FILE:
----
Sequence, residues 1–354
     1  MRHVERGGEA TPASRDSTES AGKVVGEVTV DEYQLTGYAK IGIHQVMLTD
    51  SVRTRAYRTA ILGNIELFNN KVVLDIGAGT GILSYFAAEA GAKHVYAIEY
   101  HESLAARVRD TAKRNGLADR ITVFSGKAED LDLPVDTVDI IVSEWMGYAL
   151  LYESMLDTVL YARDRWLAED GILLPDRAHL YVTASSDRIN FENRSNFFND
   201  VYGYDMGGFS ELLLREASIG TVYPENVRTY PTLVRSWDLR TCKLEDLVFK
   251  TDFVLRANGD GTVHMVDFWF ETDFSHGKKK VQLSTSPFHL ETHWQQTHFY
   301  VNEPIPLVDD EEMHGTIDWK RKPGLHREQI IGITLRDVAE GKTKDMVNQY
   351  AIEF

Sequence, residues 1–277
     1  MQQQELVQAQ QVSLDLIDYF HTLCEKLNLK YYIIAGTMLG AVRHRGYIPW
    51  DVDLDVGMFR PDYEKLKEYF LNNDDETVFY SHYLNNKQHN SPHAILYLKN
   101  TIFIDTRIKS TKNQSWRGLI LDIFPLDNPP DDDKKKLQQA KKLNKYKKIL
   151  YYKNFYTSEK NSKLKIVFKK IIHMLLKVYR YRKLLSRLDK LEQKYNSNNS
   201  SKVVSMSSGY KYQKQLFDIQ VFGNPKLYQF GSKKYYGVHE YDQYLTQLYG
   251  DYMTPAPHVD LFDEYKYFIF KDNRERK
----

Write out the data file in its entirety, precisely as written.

Sequence, residues 1–354
     1  MRHVERGGEA TPASRDSTES AGKVVGEVTV DEYQLTGYAK IGIHQVMLTD
    51  SVRTRAYRTA ILGNIELFNN KVVLDIGAGT GILSYFAAEA GAKHVYAIEY
   101  HESLAARVRD TAKRNGLADR ITVFSGKAED LDLPVDTVDI IVSEWMGYAL
   151  LYESMLDTVL YARDRWLAED GILLPDRAHL YVTASSDRIN FENRSNFFND
   201  VYGYDMGGFS ELLLREASIG TVYPENVRTY PTLVRSWDLR TCKLEDLVFK
   251  TDFVLRANGD GTVHMVDFWF ETDFSHGKKK VQLSTSPFHL ETHWQQTHFY
   301  VNEPIPLVDD EEMHGTIDWK RKPGLHREQI IGITLRDVAE GKTKDMVNQY
   351  AIEF

Sequence, residues 1–277
     1  MQQQELVQAQ QVSLDLIDYF HTLCEKLNLK YYIIAGTMLG AVRHRGYIPW
    51  DVDLDVGMFR PDYEKLKEYF LNNDDETVFY SHYLNNKQHN SPHAILYLKN
   101  TIFIDTRIKS TKNQSWRGLI LDIFPLDNPP DDDKKKLQQA KKLNKYKKIL
   151  YYKNFYTSEK NSKLKIVFKK IIHMLLKVYR YRKLLSRLDK LEQKYNSNNS
   201  SKVVSMSSGY KYQKQLFDIQ VFGNPKLYQF GSKKYYGVHE YDQYLTQLYG
   251  DYMTPAPHVD LFDEYKYFIF KDNRERK